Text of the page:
Nor did I try to cancel the concert, as Atzmon has mendaciously argued.  I was exercising my own free speech right to hold the Friends Seminary accountable for its immoral decision to become complicit with evil and to legitimate anti-Semitism.

When Nazi anti-Semitism began to achieve mainstream legitimacy in Germany and Austria in the 1930’s, it was not because Hitler, Goebbels and Goering were espousing it.  Their repulsive views had been known for years.  It was because non Nazis—especially prominent academics, politicians and artists—were refusing to condemn anti-Semitism and those who espoused it.

It has been said that “all that is necessary for the triumph of evil is that good men do nothing.”  Those who invited Atzmon to the Friends Seminary may be good men and women, but they are guilty of more than merely doing nothing.  They are, by their actions, helping to legitimate the oldest of bigotries.  Shame on them!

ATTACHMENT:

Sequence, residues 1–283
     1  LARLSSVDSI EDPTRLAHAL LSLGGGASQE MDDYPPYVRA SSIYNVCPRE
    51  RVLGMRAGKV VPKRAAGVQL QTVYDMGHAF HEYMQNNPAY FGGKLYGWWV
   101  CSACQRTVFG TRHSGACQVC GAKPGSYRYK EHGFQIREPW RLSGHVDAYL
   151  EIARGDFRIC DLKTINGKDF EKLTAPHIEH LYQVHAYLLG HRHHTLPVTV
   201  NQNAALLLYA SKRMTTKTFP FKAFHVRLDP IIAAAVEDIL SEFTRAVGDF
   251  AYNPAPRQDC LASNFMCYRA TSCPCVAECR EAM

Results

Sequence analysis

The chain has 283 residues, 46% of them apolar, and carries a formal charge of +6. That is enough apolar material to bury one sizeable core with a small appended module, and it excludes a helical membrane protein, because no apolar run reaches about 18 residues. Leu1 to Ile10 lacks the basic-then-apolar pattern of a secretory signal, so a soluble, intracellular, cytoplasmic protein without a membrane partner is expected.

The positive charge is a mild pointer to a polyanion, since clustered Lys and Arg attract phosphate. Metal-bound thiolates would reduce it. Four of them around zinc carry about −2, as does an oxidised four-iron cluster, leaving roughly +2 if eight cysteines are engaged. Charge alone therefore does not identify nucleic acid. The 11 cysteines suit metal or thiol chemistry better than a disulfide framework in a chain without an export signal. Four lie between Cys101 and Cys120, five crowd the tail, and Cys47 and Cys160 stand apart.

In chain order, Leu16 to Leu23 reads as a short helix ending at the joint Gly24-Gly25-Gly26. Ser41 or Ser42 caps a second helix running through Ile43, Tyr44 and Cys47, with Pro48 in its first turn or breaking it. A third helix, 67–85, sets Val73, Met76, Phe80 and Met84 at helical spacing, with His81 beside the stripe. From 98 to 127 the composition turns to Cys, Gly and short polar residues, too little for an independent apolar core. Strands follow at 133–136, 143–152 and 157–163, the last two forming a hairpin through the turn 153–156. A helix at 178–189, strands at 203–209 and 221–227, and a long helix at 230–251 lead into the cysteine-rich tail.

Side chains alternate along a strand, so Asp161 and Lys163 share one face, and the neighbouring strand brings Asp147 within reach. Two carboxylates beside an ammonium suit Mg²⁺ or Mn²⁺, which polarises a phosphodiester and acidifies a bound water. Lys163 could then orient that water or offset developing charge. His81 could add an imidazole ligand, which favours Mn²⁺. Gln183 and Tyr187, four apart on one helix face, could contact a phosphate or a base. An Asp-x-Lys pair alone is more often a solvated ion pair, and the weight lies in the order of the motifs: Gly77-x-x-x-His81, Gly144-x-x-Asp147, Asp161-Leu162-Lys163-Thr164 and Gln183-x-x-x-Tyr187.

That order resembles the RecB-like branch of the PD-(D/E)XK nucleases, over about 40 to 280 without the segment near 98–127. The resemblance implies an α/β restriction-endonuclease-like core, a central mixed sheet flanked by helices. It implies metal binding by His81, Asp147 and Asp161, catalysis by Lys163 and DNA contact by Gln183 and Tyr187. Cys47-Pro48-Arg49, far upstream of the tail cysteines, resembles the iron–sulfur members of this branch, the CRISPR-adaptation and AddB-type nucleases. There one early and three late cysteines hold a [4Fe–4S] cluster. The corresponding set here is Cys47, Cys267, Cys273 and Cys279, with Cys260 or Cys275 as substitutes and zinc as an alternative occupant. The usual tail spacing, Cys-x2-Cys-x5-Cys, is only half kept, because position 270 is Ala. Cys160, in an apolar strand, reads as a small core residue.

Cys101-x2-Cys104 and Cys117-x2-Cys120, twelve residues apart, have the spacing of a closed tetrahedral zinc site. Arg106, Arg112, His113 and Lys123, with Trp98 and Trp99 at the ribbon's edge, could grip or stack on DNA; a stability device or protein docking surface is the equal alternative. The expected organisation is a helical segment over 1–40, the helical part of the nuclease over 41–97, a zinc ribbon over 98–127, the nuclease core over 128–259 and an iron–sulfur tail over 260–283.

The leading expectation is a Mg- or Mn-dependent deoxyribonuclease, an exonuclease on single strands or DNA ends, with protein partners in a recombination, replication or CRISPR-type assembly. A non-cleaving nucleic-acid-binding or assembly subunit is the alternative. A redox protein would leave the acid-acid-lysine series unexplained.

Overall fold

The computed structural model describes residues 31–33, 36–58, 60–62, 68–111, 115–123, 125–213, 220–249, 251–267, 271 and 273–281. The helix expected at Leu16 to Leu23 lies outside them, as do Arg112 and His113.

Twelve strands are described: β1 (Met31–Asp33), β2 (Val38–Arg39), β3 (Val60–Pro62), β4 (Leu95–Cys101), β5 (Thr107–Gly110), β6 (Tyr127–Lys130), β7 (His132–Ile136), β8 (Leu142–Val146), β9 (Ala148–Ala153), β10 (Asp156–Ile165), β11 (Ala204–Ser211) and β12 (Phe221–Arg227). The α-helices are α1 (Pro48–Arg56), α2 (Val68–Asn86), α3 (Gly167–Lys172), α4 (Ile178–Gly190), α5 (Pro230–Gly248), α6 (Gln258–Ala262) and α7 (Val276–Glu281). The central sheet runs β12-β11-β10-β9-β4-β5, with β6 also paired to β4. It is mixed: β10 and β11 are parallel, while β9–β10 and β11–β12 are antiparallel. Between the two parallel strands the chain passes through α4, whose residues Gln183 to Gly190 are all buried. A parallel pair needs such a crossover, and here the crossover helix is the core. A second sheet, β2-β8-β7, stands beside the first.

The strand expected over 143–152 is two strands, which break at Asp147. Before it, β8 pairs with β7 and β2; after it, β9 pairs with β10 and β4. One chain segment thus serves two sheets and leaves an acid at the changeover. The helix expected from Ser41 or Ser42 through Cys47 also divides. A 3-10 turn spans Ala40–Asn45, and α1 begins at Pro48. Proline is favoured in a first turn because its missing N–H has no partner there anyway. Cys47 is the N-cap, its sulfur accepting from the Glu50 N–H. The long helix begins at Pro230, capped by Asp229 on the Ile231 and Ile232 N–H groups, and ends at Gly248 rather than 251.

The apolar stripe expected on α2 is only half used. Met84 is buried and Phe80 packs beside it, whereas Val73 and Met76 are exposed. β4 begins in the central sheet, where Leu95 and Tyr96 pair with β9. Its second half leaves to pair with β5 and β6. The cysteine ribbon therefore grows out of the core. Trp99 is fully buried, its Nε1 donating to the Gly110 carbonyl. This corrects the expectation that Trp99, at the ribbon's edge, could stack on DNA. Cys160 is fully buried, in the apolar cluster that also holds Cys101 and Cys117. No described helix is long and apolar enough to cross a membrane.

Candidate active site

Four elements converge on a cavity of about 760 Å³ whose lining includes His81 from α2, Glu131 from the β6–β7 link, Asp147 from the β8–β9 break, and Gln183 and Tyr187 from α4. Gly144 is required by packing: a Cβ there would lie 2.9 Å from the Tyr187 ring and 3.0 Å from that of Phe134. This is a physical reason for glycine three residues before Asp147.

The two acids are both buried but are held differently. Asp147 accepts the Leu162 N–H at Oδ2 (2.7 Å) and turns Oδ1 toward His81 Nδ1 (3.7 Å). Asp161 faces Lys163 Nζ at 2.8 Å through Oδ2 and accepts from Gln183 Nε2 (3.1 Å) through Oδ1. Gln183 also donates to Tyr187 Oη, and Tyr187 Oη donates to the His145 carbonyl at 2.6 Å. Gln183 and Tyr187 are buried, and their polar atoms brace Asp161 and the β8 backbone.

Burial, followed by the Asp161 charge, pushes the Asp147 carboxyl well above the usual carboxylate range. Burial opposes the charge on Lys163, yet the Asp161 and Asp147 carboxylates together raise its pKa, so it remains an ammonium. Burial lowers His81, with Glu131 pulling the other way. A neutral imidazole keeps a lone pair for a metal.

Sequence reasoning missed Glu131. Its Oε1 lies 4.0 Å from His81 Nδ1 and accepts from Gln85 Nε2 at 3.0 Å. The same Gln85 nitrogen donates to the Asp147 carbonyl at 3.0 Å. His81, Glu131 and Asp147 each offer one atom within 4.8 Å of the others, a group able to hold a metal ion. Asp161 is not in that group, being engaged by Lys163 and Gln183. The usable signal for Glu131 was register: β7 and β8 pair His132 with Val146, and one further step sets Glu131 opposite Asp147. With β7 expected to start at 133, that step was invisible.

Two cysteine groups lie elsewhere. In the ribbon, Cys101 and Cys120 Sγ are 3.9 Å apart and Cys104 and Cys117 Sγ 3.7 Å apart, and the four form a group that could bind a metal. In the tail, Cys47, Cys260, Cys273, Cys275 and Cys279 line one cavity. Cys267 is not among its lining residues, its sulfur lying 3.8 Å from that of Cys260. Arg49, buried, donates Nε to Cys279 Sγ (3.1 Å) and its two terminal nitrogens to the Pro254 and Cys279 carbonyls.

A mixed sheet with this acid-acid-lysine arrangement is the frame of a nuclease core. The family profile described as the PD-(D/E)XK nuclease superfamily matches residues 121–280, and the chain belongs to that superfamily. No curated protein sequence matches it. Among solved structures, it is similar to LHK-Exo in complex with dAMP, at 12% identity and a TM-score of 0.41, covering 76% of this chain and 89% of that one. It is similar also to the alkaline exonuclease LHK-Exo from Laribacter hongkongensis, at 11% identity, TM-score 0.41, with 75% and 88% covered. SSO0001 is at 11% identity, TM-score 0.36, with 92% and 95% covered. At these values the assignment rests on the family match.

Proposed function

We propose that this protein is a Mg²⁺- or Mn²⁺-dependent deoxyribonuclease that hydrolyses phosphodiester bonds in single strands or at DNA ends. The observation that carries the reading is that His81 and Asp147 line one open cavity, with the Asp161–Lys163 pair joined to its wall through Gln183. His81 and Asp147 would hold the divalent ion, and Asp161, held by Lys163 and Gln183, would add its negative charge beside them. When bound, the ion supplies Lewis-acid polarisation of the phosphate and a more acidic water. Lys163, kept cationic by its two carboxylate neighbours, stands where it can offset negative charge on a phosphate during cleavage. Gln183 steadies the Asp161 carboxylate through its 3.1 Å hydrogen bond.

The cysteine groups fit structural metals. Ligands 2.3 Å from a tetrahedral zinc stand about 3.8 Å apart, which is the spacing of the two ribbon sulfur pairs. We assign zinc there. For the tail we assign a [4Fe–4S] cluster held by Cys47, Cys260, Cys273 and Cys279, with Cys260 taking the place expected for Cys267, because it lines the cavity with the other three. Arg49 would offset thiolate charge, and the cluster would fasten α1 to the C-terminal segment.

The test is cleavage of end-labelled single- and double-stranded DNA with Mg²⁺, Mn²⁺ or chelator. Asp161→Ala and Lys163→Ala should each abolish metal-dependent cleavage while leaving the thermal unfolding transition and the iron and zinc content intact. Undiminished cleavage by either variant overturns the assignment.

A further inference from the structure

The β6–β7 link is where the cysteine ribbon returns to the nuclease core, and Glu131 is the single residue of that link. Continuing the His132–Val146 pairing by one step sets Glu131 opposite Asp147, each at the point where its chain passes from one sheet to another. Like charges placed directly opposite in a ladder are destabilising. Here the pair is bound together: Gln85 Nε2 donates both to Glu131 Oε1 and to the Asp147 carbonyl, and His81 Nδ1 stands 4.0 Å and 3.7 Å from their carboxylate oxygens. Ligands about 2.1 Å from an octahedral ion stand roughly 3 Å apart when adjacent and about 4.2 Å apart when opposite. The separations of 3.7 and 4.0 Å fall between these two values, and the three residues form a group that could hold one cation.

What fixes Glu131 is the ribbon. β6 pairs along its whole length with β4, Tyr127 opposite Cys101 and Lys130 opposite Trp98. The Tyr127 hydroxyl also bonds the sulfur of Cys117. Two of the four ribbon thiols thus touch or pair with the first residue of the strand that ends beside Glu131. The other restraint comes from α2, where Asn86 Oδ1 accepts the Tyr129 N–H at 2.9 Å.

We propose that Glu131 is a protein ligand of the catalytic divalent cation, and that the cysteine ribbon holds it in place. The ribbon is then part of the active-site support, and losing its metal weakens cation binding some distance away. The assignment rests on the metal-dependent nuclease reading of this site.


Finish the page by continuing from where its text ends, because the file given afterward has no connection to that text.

In order to test Friends’ Seminary’s commitment to freedom of speech and diversity of viewpoints, I am challenging the Headmaster and the teacher who assigned Atzmon’s essay to distribute this essay to the students and parents.  Let’s see whether they are committed to freedom of speech that is critical of their actions and those of the Friends Seminary.  If they refuse, I hope that students will exercise their own free speech right to circulate this essay and to discuss it among themselves as part of their education.  Such a discussion would be far more in the spirit of Martin Luther King and the articulated values of the Friends Seminary than inviting a bigot who believes that Jews are “trying to control the world” and that “burning down a synagogue” is a “rational act.”